The elevated baseline levels of GABA+ observed in this cohort [24] and by others [14, 20, 25] have been proposed as a potential cause of migraine, due to being present in people with migraine but not in healthy controls. However, given the cross-sectional nature of the studies, the temporal and directional nature of these findings are unknown. Therefore, to further elucidate the nature of the elevated GABA+ levels in people with migraine, longitudinal studies, that examine the association between change in migraine characteristics (e.g. migraine frequency, pain intensity and disability) and change in GABA+ or Glx levels are required. Examining a cohort before and after treatment that is known to have a reasonable response rate (e.g. Onabotulinumtoxin A or calcitonin gene-related peptide monoclonal antibodies (CGRP-mAbs); response rate ~ 40% [8, 9], allows such an opportunity.


Our primary aim was to determine whether there is an association between change in GABA+ levels and change in migraine characteristics over time to further elucidate the nature of GABA’s role in migraine. Secondary aims were to determine whether there is an association between baseline neurometabolite levels and change in clinical characteristics and / or change in neurometabolite levels. This would establish whether baseline levels of GABA+ could predict change either clinically or neurochemically.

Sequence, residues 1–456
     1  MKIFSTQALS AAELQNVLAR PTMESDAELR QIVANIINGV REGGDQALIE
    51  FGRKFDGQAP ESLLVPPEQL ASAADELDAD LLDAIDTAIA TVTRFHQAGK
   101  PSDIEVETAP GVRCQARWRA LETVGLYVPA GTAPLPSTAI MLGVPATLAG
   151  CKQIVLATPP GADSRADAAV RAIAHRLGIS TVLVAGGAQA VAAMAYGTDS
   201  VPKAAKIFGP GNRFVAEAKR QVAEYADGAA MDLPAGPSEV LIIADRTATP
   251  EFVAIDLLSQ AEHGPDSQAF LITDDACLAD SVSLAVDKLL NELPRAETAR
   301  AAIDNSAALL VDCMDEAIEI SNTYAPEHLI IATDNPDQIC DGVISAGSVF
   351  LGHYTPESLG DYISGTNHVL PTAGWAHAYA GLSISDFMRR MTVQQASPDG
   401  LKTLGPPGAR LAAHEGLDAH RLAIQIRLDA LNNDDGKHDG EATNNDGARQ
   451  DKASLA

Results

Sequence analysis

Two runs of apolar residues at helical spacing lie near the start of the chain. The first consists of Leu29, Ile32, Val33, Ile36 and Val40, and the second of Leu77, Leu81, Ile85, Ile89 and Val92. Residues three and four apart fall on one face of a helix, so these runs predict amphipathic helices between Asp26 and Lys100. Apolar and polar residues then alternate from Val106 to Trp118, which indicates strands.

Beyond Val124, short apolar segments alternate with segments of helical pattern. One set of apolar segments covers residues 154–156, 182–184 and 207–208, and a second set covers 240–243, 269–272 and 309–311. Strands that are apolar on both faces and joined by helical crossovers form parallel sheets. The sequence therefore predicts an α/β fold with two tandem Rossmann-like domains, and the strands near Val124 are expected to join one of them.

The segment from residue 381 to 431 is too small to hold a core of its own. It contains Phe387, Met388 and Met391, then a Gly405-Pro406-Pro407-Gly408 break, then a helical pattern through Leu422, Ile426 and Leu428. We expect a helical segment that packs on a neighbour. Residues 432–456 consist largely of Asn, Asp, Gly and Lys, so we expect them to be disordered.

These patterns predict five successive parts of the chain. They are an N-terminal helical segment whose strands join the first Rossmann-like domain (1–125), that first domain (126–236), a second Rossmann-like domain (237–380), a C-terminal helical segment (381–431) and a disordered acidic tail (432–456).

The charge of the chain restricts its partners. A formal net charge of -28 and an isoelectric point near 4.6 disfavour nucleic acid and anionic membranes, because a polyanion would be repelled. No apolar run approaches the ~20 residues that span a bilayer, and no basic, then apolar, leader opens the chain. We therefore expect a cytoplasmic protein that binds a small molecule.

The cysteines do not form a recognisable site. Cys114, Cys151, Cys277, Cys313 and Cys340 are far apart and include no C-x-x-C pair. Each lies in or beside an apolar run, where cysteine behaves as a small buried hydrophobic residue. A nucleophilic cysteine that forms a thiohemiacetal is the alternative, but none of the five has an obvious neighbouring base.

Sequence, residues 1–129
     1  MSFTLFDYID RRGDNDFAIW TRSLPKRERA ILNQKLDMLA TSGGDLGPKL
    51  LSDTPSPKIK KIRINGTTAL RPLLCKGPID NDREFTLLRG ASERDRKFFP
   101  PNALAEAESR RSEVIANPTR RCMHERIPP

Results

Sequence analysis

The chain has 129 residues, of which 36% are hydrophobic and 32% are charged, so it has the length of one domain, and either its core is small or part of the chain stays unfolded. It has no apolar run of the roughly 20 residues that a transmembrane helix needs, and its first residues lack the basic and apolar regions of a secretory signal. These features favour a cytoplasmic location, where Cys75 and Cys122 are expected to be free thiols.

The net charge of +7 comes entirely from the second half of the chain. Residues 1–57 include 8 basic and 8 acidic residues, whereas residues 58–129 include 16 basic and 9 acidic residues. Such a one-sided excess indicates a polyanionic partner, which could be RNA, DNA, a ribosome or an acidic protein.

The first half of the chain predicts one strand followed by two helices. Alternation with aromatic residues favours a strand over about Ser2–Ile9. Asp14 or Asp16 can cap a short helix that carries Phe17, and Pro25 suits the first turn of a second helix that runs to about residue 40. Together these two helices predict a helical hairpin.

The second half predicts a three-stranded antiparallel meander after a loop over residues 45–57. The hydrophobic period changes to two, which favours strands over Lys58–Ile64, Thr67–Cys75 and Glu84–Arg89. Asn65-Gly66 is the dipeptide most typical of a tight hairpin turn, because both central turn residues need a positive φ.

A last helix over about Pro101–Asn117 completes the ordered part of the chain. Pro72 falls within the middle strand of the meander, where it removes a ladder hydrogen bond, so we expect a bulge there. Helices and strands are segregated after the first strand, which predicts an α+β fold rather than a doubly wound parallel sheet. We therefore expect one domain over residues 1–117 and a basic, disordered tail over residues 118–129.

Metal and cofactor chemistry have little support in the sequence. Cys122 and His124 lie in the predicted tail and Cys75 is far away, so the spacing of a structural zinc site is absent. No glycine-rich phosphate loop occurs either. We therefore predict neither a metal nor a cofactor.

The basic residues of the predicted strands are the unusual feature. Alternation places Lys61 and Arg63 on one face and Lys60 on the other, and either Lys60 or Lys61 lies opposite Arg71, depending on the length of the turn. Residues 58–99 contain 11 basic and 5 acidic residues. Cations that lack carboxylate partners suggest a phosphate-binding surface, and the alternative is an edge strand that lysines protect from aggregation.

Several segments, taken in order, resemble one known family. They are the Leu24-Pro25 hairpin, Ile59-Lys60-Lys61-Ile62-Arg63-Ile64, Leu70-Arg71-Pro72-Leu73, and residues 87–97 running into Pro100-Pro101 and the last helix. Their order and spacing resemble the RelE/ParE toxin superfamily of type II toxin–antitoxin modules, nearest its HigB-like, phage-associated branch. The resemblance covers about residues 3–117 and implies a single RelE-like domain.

Study design

This study was a longitudinal cohort study, observing a group of migraine participants who formed part of a larger cross-sectional multi-group study [16].


There were 20 participants with chronic migraine with or without aura as diagnosed by the ICHD-3 [3] recruited by a neurologist (KN) working in private practice (4 males, 16 females, mean age 39.7 ± 10 years). To be eligible to receive treatment (Botox® or CGRP- mAbs) under the Australian Pharmaceutical Benefits Scheme (PBS), participants were required to have experienced an average of at least 15 headache days a month, (8 days of which migrainous) for over 6-months and having failed three or more prophylactic migraine medications [26]. In addition, they were required to have at least moderate headache related disability measured as a HIT-6 score [27] exceeding 50 at the time of recruitment. All participants were recruited when they were due to start a new treatment regimen based on escalating care in line with the PBS guidelines [26]. Participants were included if they received any peripherally acting evidence-based medication to escalate their care (e.g. Onabotulinumtoxin A, CGRP-monoclonal antibodies (CGRP-mAbs). Treatment could be escalated with either Onabotulinumtoxin A injections 155 mg administered 12 weekly according to the PREEMPT protocol [8] or CGRP-mAbs as erenumab 70 to 140 mg self-administered by injection monthly.